What this means is that the growing supplies which provide these 4 elements are absolutely essential .
1. Marijuana Seeds
You’re going to have to replace sunlight, which is by no means an easy task.
Nutrients When Growing in Soil
Here are some tried and tested Indica-heavy strains:
The kit comes with LED grow lights, mylar tent, fan/filter/duct combo, and is available in a wide range of sizes and added accoutrement. The size we reviewed here tops out at a mere $330 for it all — not bad for a full set-up. If you’re in the market to grow your own, have a free closet or an extra bathroom, and are more concerned with function than fashion, the Topogrow Kit is for you.
The modern cannabis market is an exciting place of wild products, soaring THC percentages, and futuristic gadgets. However, lost in all this glitz and glam is the fact that weed is, after all, just a flower you can grow yourself.
This small, no-frills kit focuses on providing everything you need and nothing you don’t. The grow tent itself is about 2 feet X 2 feet X 4 feet, so you can fit a couple plants, and would be better off choosing short, stocky plants like indica, dwarf, or an autoflowering variety.
Topogrow LED Grow Tent Complete Kit
Next up is the Topogrow LED Grow Tent Kit, which exists on the other end of the spectrum from high-priced, low-maintenance products like the Armoire.
While not initially conceived for growing weed, the Lettuce Grow Farmstand has gained a cult following with at-home growers trying their hand at cultivating a different type of consumable.
When asked of the Lettuce Grow’s application in cannabis farming, founder and CEO Jacob Pechenik said, “More and more, we are hearing about ‘Big Cannabis,’ large scale cultivation of cannabis by industrialized brands, where it is unclear where the product comes from, what is sprayed on it, and who is profiting. This is exactly what occurred within the food industry, which inspired us to launch Lettuce Grow.”
Geared toward sustainability and the idea that great food should be easy to grow, each unit is made from recycled ocean plastic from coastal communities, and with every unit sold, one is donated to a school around the US.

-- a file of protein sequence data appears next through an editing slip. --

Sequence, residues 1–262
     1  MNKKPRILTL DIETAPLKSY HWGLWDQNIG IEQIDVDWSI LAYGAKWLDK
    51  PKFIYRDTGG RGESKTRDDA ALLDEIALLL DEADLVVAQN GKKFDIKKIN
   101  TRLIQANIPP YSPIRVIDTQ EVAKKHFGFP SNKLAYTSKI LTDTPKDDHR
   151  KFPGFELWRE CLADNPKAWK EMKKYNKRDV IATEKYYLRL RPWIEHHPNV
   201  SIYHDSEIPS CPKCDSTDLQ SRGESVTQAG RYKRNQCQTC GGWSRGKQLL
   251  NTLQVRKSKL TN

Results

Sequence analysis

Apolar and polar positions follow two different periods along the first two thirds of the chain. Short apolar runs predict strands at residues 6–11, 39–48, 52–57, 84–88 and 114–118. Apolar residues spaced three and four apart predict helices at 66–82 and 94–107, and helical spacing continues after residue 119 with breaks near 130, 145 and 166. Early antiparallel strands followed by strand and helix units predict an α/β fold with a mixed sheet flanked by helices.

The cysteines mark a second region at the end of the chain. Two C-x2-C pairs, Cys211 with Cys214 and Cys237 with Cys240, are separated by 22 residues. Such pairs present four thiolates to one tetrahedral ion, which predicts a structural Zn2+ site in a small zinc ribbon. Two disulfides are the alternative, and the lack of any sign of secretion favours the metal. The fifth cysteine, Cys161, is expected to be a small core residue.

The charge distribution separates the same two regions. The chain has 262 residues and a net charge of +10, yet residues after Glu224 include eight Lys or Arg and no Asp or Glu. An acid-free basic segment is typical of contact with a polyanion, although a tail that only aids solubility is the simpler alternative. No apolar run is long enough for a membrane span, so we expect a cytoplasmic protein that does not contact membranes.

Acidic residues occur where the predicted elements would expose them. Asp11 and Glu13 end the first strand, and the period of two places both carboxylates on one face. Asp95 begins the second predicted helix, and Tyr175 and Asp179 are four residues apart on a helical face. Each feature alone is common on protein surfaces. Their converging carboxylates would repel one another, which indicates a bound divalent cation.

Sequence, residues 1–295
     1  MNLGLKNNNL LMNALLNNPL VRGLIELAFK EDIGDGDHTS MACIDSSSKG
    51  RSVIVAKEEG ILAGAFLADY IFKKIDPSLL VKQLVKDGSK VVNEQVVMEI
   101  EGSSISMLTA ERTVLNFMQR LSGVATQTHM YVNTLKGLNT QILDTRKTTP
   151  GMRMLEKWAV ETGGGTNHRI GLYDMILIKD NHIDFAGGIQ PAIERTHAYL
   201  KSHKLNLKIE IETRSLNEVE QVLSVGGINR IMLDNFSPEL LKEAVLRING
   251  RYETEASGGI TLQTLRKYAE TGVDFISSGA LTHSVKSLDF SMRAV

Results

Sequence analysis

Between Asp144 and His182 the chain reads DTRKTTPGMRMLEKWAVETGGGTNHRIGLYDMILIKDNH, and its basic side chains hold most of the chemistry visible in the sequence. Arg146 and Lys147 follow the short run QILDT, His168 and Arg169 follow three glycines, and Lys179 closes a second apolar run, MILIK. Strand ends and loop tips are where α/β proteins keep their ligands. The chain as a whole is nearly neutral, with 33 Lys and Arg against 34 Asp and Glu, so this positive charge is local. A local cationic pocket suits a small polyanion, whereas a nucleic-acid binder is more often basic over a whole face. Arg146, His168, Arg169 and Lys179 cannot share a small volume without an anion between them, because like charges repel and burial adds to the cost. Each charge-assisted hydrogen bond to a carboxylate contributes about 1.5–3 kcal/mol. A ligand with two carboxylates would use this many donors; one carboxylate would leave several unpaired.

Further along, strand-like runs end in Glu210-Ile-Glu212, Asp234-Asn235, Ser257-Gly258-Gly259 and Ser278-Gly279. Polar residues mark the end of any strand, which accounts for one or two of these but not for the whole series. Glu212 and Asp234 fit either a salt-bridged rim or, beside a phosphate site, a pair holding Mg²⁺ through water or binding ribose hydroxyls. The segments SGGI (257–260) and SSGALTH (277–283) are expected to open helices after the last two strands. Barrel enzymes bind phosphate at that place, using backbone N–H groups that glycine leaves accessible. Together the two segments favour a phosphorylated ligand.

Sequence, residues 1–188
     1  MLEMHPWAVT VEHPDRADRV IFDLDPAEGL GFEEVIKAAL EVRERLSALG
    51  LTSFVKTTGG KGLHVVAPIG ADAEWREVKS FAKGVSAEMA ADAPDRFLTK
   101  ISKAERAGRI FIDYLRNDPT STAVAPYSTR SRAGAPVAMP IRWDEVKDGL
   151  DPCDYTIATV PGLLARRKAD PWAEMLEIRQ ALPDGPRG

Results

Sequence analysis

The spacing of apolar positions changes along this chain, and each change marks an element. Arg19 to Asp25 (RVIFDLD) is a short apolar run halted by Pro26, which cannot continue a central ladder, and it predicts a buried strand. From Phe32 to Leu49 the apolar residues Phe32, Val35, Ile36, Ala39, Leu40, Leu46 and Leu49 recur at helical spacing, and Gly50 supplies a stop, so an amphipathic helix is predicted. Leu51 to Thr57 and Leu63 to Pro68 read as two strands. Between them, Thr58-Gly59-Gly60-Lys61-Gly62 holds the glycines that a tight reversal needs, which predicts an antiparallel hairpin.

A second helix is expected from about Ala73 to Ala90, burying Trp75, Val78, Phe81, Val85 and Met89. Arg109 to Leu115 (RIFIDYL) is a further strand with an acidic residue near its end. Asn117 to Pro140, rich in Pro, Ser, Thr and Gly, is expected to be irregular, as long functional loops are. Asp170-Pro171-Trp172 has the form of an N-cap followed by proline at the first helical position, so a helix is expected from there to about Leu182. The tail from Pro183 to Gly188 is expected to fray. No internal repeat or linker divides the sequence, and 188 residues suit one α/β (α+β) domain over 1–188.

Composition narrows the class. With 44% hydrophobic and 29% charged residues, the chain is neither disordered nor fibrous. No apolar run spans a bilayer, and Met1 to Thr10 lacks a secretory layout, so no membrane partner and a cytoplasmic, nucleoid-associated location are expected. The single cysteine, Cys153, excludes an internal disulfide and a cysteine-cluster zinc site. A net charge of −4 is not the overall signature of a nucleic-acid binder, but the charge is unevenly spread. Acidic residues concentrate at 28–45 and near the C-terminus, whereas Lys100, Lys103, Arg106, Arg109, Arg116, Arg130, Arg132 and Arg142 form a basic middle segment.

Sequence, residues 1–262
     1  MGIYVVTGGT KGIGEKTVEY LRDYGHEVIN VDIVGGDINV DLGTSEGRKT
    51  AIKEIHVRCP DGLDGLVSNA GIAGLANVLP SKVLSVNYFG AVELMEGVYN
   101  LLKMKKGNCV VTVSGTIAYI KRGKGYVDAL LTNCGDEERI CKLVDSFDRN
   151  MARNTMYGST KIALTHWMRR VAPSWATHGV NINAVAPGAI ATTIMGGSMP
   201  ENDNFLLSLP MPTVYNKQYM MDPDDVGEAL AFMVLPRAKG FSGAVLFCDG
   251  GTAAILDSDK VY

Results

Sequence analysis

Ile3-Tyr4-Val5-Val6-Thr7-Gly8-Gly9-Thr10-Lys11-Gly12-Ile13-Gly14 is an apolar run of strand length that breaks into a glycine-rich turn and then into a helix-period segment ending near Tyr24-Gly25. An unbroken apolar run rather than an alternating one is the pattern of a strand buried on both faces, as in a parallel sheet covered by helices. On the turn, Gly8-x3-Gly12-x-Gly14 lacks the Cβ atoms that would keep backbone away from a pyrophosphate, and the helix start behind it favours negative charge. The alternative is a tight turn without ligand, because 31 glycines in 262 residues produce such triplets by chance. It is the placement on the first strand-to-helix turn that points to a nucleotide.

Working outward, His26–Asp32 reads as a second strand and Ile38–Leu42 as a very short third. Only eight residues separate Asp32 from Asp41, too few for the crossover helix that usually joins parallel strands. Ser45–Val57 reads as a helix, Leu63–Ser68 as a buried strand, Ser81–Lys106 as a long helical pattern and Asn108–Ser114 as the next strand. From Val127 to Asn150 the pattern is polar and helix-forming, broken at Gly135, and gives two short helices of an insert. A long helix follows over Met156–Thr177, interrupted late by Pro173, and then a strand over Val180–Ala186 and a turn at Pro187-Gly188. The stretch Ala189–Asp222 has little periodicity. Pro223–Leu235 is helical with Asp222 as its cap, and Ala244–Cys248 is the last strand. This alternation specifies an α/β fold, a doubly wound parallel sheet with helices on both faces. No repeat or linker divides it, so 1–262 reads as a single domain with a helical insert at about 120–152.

Organigram’s operation is in stark contrast to the image of an illicit farm hidden in the woods. It is entirely indoors, with 52 identical growing rooms on three floors. Plants are propagated by cloning, rather than grown from seed, so the crop’s genetic identity remains the same from generation to generation. The growers track and log all growing parameters, and then tweak them as needed to maintain consistency. Purcell sees the company’s operation as a ‘manufacturing facility’, rather than a garden or a greenhouse. “There are quality checks like you would see in any manufacturing facility, whether it was producing food or tyres,” he says.
To run these advanced facilities, cannabis companies need researchers who are experienced in plant science, microbiology, chemistry and other scientific disciplines — and they are turning to academia to find them. “Instead of underground growers, they are hiring lots of university-educated and trained people,” says Zheng.
As the cannabis industry expands, the role of good science within it will also expand, and there will be further opportunities for collaboration. “More and more,” says Zheng, “the scientific community and industry are directly communicating and sharing information.”
And not all analytical labs are up to the job. Roger Brauninger, biosafety programme manager at the American Association for Laboratory Accreditation (A2LA), a non-profit organization in Frederick, Maryland, says that although US states introduced requirements for external testing as medical or recreational cannabis became legalized, there was rarely any infrastructure or expertise in place to facilitate a professional testing regime. Even the most established labs, located in California, have only been around since the mid-2000s — despite the state legalizing the medical use of cannabis in 1996.
The large-scale, controlled environment enables Organigram to conduct systematic, controlled trials and to produce huge amounts of data — with 5 cycles of growth per year in each of the growing rooms, it can generate more than 250 generations’ worth of growing data each year, says Purcell. The company can use those data to determine what works best for the plants, and then replicate those conditions at scale. “That’s the big difference with the black market,” he says. “When you scale up, you have to take a data-driven approach.”